Mikkel Borg Bjergsø is the owner and impresario of Mikkeller, one of the most exciting companies making beer in the world today. His brews run the gamut—pilsners, IPAs, bocks, and lambics—and often incorporate a baffling array of techniques—aged in Calvados cognac barrels, infused with jalapenos, and or concocted from playfully mismatched yeasts, malts, and hops. Unabashedly weird, for sure, but also delicious.
Did you start brewing first and venture into eccentric recipes later?
I started drinking specialty beers in the late '90s, and after four or five years I started getting bored. I thought it might be possible to brew more interesting stuff myself.
Is there a method to your madness, an organizing ideology, or is it just come what may?
I never feel obligated to brew a beer. The day I do I might as well quit and do something else. Everything I do is driven by the desire to explore new things. When I travel, meet brewers, go to restaurants, and drink beer, I get inspired. From this inspiration comes multiple ideas which turn into beer. I am always behind my ideas and always have at least 10 to 20 new beer recipes in the making. Last year I did 94 new beers, on top of all the repeats. I wasn't even thinking about having to create the next one. They just drop down from somewhere.
Described that way, Mikkeller almost sounds like an artistic pursuit.
I wouldn't go as far as calling Mikkeller an art project. In most other aspects of life I am not the most creative. I guess I just found my thing and went from there. I have always been extremely passionate about what I do, from sports—I used to be a middle-distance runner with many Danish championships and a few Danish records—to collecting furniture—I once owned the largest Verner Panton collection in Denmark. Now I do beer.
Tell me how Mikkeller brews. You use the contract-brewing model, basically out-sourcing production, and I'm curious in what ways that frees you up to do certain things.
Not having a brewery gives a great freedom when making beer. All I have to do is create a good recipe, go in and make the beer, and not think about paying off big loans, repairing broken equipment, cleaning, and all the rest. Because of this minimal overhead, I never have to think about selling the beer, which gives me great freedom to brew exactly what I want. I never have to compromise in order to market to customers. I also see it this way—if I owned my own brew plant, I would probably hire a brewer to do the manual work anyway and concentrate on the recipes.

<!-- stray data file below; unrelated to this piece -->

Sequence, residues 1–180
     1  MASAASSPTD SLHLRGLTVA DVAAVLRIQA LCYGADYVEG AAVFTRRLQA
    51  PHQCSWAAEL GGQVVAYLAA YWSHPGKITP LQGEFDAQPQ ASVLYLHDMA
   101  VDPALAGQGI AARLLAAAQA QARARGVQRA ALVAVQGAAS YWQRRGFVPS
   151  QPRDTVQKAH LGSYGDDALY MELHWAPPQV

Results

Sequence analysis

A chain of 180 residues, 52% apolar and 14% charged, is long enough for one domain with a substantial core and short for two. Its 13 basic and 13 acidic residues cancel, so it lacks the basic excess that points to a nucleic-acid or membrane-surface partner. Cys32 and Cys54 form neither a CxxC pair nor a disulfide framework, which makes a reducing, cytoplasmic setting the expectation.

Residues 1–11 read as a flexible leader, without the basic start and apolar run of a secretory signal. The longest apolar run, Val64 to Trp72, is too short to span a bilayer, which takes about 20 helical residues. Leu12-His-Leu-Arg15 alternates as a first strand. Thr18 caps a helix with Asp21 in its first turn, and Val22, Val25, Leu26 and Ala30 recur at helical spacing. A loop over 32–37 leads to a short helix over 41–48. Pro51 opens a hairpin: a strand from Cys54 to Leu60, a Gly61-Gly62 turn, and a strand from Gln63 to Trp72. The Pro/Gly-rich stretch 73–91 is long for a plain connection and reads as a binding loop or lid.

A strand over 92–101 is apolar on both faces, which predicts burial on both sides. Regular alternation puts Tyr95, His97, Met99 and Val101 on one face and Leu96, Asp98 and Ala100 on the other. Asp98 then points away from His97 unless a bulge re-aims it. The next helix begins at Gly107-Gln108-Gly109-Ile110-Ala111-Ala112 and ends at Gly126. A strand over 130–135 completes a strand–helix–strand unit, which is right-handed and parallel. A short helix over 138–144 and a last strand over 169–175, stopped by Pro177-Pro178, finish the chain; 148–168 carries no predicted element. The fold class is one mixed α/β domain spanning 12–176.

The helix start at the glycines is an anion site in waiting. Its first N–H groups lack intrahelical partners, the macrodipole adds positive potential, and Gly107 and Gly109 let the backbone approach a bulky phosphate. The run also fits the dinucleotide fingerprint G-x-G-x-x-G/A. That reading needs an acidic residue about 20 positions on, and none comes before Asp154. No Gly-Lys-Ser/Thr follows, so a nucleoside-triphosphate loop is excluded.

How does your wife feel about your job? Does the family ever travel with you?
My wife Pernille is of course happy and proud that things are going so well. She is not always happy that I am busy and away so much, but she has learned to live with it. I try not to take them on "business trips" as I am mostly too busy, and I don't want to have them waiting around for me. Instead, we go on vacation regularly where I concentrate more on them and try to work as little as possible. At some point, I'd of course like to have more time with them, and I am sure it will happen eventually. I'm happy to say that I've been hiring more and more people as a result of the growing business.
Speaking of growing business, what is the reception to your beer in Denmark? The Danes have a fairly specific idea of what beer is, and I've heard that you export over 90 percent of all your brews. Is that normal for a company of your size and type?
Yeah, we do export 90 percent, which is not normal. From the beginning, we made beers with an "international" focus, meaning we did not make beer aimed at a Danish audience at all. We make beer for more experienced beer drinkers, I guess, and there are not that many of those in Denmark. We do have an ok name in Denmark, but we do not concentrate on the Danish market. Whatever happens here is good, but we honestly don't care too much. A lot of people think what we do is too extreme, to which we say that they are welcome to drink their Carlsberg instead.